We don't get a lot of visitors to our place since it's not that spacious, but she's responded well to people that have visited us. She'll usually just watch for a couple hours before deciding to come to us. After seeing the same people a couple times, she'll even go sit on our friend's shoulder over ours. All of this is after we've had her for 6 months though.
 
Last edited:

cytherian

Member
Dec 29, 2020
55
25
Near NYC
Parrots
Eclectus
I've posted multiple times about the two female ekkies I have. The younger one, Fennel, is just now 16 weeks old. I posted the other day seeking answers on why she constantly bites, and while I think MAYBE we've made progress with that, I think the main issue with this bird is that she's just scared of everything.

I cleaned stuff out of the office where her cage is to free up space and give her more room and less things to be afraid of. When I weighed her this morning, she was shaking. She never fully relaxed again, so I put her back in her cage and she immediately relaxed. I know there are lots of things to do to help a scared bird. I have an idea, and I wanted some advice on whether you guys think it will help or not.

Since Fennel came from a breeder, she came to me scared of cages, toys, hands, and household sounds. She was not exposed to the things hand-raised birds are exposed to. My idea is to board her at a local pet shop that specializes in birds, and hand raises them. (It's where I got the older ekkie, who is not afraid of much.) There is a part of me who thinks the immersive experience of people in and out of the store all day, other birds making noise, multiple people feeding and changing water, and lots of activity would be good for her. A week or two in that environment may show her that life is busy sometimes, and she's still safe. The other part of me worries that this could terrify her in a way that she won't recover from, or at least not make progress with in a couple weeks.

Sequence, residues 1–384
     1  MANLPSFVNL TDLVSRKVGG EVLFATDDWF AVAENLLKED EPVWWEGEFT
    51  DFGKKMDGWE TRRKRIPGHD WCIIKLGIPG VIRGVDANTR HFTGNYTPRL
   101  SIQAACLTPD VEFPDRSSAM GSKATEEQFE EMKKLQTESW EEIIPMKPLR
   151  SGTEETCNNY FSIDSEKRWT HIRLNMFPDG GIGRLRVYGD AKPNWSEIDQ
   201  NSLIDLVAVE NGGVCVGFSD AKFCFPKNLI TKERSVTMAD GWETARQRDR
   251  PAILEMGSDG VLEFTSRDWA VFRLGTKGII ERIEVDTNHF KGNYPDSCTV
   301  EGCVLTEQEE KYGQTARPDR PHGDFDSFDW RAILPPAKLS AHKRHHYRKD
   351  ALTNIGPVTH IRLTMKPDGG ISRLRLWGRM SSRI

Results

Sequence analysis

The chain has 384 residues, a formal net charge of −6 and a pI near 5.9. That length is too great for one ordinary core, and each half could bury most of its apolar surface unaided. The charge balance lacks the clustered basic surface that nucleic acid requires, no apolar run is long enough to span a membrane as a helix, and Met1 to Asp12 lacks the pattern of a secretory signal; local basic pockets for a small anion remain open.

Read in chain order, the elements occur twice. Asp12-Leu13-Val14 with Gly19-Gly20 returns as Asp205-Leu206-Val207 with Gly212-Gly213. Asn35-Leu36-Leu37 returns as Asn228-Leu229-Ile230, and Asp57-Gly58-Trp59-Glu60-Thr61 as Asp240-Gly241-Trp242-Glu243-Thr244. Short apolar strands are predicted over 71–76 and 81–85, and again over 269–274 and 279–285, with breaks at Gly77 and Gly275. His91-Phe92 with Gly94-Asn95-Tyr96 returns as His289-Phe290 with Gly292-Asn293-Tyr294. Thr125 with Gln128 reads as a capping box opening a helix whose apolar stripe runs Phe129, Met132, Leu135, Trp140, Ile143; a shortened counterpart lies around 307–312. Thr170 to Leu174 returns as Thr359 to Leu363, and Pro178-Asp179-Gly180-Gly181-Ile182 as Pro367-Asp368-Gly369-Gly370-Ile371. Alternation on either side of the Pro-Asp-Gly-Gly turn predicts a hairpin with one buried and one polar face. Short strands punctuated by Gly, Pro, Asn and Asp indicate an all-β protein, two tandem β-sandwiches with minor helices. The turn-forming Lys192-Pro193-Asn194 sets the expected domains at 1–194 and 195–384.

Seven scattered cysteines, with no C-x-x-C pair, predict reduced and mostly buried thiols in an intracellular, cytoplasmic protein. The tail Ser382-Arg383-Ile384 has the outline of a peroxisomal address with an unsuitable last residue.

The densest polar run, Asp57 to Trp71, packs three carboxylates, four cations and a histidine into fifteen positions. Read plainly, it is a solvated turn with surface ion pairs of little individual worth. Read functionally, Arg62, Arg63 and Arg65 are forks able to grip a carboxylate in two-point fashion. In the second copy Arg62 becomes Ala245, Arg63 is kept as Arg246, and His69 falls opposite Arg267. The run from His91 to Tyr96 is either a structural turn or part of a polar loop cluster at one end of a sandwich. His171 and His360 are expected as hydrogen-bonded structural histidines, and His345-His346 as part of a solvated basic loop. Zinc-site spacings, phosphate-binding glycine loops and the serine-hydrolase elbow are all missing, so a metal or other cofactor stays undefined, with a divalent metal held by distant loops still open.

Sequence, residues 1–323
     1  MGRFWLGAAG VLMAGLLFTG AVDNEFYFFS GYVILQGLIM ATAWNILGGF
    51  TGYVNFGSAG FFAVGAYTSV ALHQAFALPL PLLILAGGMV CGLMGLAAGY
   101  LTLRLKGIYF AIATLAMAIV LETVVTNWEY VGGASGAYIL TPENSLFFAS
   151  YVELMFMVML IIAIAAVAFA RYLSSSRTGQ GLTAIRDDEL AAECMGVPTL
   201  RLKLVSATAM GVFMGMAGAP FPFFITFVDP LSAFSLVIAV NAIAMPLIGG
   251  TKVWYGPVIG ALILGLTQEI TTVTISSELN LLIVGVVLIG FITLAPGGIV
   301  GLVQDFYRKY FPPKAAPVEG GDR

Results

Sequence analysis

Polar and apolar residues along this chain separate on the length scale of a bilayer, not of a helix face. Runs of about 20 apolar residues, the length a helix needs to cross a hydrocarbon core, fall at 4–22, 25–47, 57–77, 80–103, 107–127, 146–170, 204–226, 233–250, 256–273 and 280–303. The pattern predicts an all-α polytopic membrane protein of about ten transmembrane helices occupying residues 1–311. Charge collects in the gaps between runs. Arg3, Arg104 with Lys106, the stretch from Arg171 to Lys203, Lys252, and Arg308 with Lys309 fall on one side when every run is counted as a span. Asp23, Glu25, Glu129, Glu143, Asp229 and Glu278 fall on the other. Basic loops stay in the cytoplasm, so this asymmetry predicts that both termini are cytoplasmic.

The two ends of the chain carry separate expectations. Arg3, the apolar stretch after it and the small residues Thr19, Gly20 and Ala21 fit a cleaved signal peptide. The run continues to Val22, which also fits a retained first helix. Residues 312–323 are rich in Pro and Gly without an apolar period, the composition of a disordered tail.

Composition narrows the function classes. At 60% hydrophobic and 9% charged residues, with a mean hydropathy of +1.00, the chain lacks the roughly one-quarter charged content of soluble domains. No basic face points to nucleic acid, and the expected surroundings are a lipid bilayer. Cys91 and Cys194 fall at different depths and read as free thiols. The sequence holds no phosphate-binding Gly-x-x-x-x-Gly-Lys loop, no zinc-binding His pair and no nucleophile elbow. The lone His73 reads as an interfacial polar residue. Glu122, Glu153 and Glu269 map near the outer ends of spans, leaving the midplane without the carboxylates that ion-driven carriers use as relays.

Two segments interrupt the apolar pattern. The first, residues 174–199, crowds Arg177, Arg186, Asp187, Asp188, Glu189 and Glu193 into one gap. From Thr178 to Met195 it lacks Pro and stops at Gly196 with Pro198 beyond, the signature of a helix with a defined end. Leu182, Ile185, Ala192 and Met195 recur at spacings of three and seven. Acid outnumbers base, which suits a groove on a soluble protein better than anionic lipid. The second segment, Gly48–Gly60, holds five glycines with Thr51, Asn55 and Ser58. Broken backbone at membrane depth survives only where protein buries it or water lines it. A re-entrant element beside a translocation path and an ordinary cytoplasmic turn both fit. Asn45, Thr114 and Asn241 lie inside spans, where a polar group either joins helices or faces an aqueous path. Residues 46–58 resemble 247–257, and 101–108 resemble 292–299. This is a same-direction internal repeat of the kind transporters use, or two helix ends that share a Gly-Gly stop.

I don't want to leave her somewhere for weeks or a month and just loose any (of the very little) progress we've made. On the other hand, she is only 4 months old, and this work should have been put in when she was weaning. She isn't an 11-year-old Amazon with baggage - she's a 16-week-old baby Eclectus. So does anyone else think boarding her and forcing socialization will help? This is a privately-owned pet store whose owner has 30 years of experience hand raising and taming birds. I've seen some of the birds he boards go from scared for 3 days, to being out on a perch and talking to everyone who comes in the door. I would visit her daily while she was there. Would this type of environment for a couple weeks help this little bird get over her fear? TIA